By Christine Haines
Mar 31, 2016
A Mon Valley industrial site and a statewide environmental group are negotiating to resolve perceived environmental issues instead of having the issues settled in court.
PennEnvironment had filed a suit against ArcelorMittal Monessen in 2015 alleging that the company has at times failed to operate the desulfurization plant to remove hydrogen sulfide from the coke oven gas.
ArcelorMittal is required to run the desulfurization plant when making coke, according to its operating permit.
ArcelorMittal Monessen, which produces coke and related by-products, and PennEnvironmental have asked a U.S. District Court magistrate in Pittsburgh to stay all activity in the case until September, allowing them to work on a solution without court intervention during that time. U.S. Magistrate Judge Cynthia Reed Eddy granted the stay, saying case is administratively closed and attorneys will need to file a motion to lift the stay if the case is to be reopened.
The initial court filing documents numerous citizen complaints made to the Pennsylvania Department of Environmental Protection (DEP) regarding noxious odors coming from the plant from April 2014 through September 2015. The complaints came from Donora, Monessen, Monongahela and Carroll Township. One citizen complaint said the odor, which others described as a combination of rotten eggs and burned rubber, on a scale of 1 to 10, was a 20.
According to the request for the stay, the DEP and U.S. Environmental Protection Agency (EPA) have ordered ArcelorMittal Monessen to conduct specific investigations and tests at the Monessen Coke Plant relevant to the violations alleged in the complaint. The results of those investigations and tests will not be available until May or June.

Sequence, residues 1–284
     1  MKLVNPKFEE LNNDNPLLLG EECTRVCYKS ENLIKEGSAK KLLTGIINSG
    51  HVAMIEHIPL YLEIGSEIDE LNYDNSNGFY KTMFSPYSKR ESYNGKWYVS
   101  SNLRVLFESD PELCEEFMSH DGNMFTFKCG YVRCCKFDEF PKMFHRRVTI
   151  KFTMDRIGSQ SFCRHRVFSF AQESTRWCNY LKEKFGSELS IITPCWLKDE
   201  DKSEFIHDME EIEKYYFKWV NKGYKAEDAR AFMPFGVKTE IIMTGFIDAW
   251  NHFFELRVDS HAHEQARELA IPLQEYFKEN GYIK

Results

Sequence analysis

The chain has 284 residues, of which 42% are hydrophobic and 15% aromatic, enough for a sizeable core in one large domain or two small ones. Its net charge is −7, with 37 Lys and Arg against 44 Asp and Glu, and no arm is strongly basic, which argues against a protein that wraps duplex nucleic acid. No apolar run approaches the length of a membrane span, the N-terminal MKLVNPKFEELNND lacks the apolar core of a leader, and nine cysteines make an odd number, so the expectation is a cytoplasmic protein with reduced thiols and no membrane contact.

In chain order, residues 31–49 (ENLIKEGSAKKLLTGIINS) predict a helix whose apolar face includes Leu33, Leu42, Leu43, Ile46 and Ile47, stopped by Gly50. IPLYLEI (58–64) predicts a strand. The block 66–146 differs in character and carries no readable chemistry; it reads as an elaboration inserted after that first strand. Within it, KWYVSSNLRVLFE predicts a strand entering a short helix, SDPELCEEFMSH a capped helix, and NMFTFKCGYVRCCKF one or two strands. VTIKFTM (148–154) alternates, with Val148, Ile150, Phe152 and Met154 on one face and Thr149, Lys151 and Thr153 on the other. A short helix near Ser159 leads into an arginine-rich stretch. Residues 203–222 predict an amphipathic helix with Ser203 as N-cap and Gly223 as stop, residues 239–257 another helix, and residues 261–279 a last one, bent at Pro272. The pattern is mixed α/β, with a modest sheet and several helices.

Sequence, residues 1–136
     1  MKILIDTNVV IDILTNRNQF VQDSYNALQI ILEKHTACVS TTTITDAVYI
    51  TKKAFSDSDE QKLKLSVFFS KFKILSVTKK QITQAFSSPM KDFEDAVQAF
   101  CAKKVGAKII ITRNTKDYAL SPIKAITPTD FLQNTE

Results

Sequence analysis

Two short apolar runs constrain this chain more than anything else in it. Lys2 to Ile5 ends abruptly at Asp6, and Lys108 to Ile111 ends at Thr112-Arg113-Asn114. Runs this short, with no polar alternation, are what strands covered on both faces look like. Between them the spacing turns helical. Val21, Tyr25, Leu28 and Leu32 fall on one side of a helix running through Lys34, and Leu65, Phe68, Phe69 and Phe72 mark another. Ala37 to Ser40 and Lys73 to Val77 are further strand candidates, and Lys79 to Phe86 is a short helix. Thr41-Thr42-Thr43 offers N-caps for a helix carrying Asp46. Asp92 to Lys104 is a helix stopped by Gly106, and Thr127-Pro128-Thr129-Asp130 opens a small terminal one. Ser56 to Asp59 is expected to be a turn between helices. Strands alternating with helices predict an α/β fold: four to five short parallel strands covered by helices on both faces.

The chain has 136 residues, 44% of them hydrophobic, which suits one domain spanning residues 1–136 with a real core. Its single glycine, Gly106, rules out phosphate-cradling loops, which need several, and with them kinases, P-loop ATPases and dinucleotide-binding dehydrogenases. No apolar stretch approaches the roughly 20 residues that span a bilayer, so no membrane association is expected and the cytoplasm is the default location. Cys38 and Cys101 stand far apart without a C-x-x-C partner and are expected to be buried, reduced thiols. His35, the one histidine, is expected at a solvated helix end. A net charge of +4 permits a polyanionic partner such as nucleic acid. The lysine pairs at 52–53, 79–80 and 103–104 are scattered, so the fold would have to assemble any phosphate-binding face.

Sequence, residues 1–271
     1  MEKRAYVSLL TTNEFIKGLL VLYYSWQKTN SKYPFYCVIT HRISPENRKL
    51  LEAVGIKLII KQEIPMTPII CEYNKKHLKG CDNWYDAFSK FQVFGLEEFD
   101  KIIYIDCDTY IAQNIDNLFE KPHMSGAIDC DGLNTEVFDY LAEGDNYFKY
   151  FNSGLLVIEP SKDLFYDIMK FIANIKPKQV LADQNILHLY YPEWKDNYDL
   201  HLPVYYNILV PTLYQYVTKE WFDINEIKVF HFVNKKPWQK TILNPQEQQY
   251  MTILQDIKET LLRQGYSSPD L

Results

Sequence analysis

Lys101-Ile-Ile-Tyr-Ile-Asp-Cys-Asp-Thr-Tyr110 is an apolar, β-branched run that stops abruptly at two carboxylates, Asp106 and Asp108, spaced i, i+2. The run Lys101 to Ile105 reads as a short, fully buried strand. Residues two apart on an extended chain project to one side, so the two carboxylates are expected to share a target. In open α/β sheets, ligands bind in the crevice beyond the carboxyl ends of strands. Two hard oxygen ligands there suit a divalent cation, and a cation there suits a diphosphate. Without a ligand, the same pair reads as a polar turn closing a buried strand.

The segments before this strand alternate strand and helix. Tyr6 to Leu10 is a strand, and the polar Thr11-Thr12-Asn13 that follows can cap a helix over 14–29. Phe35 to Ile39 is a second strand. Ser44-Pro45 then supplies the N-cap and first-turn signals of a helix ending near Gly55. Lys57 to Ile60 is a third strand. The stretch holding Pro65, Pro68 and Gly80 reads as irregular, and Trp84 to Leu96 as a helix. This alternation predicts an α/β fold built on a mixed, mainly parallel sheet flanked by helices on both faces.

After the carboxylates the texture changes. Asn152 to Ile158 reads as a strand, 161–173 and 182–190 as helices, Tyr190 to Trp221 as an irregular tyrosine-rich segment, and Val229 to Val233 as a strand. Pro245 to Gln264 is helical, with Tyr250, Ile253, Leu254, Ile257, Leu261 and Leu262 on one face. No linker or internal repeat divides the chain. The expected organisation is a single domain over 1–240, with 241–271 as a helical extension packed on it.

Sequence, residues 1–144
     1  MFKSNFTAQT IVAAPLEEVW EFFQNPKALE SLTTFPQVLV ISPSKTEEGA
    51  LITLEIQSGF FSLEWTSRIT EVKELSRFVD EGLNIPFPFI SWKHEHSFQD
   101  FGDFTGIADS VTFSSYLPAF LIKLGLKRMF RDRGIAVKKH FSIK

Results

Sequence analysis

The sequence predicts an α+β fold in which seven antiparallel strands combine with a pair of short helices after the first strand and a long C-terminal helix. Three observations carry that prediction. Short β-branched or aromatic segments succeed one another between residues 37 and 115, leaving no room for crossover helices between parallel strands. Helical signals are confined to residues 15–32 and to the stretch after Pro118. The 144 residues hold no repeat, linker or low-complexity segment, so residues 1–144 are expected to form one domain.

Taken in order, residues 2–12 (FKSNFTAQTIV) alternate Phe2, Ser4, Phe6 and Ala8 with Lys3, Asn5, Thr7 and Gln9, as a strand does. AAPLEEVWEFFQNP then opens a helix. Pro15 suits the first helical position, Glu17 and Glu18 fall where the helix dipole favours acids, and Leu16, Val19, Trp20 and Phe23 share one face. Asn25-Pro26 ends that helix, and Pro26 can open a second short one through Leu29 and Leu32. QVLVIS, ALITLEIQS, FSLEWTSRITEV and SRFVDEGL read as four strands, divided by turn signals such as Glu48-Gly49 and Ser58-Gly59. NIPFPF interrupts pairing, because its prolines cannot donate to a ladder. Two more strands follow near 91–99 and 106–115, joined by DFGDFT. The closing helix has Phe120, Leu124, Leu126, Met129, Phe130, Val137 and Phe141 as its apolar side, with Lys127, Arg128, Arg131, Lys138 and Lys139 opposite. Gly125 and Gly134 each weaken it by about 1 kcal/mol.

A stay of the litigation will allow time for PennEnvironment, ArcelorMittal Monessen and the agencies to each review the results of the agency-ordered testing and investigations before initiating substantive discussions regarding resolution of the alleged violations.
As a condition of the stay, ArcelorMittal will provide the environmental group with copies of the reports it submits to the DEP and the EPA and will allow PennEnvironment and its expert to inspect the plant and to observe procedures.
According to the company’s web site, the plant employs 155 hourly employees and 23 salaried employees in the production of coke and related by-products.
In its suit, PennEnvironment identifies itself as having more than 11,000 members, including 194 in Washington and Westmoreland counties.